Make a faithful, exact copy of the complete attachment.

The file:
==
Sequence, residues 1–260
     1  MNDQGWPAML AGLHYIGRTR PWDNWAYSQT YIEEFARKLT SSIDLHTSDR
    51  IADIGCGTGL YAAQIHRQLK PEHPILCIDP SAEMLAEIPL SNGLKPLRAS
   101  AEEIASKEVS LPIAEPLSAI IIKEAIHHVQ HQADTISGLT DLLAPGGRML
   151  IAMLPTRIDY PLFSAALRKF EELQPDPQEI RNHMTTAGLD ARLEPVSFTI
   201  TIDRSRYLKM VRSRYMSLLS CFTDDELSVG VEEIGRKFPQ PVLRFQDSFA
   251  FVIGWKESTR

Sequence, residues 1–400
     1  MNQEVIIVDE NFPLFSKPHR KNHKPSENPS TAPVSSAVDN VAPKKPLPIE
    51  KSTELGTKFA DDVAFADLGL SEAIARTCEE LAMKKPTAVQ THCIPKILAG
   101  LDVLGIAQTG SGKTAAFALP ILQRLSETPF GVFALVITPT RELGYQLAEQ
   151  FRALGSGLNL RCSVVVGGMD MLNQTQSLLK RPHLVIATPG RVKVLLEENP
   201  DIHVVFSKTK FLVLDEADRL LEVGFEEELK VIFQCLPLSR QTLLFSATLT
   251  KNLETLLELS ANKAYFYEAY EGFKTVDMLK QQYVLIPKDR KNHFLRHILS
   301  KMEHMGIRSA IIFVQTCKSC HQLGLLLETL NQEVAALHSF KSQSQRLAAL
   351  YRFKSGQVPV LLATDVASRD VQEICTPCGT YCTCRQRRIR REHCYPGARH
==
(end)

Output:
Sequence, residues 1–260
     1  MNDQGWPAML AGLHYIGRTR PWDNWAYSQT YIEEFARKLT SSIDLHTSDR
    51  IADIGCGTGL YAAQIHRQLK PEHPILCIDP SAEMLAEIPL SNGLKPLRAS
   101  AEEIASKEVS LPIAEPLSAI IIKEAIHHVQ HQADTISGLT DLLAPGGRML
   151  IAMLPTRIDY PLFSAALRKF EELQPDPQEI RNHMTTAGLD ARLEPVSFTI
   201  TIDRSRYLKM VRSRYMSLLS CFTDDELSVG VEEIGRKFPQ PVLRFQDSFA
   251  FVIGWKESTR

Sequence, residues 1–400
     1  MNQEVIIVDE NFPLFSKPHR KNHKPSENPS TAPVSSAVDN VAPKKPLPIE
    51  KSTELGTKFA DDVAFADLGL SEAIARTCEE LAMKKPTAVQ THCIPKILAG
   101  LDVLGIAQTG SGKTAAFALP ILQRLSETPF GVFALVITPT RELGYQLAEQ
   151  FRALGSGLNL RCSVVVGGMD MLNQTQSLLK RPHLVIATPG RVKVLLEENP
   201  DIHVVFSKTK FLVLDEADRL LEVGFEEELK VIFQCLPLSR QTLLFSATLT
   251  KNLETLLELS ANKAYFYEAY EGFKTVDMLK QQYVLIPKDR KNHFLRHILS
   301  KMEHMGIRSA IIFVQTCKSC HQLGLLLETL NQEVAALHSF KSQSQRLAAL
   351  YRFKSGQVPV LLATDVASRD VQEICTPCGT YCTCRQRRIR REHCYPGARH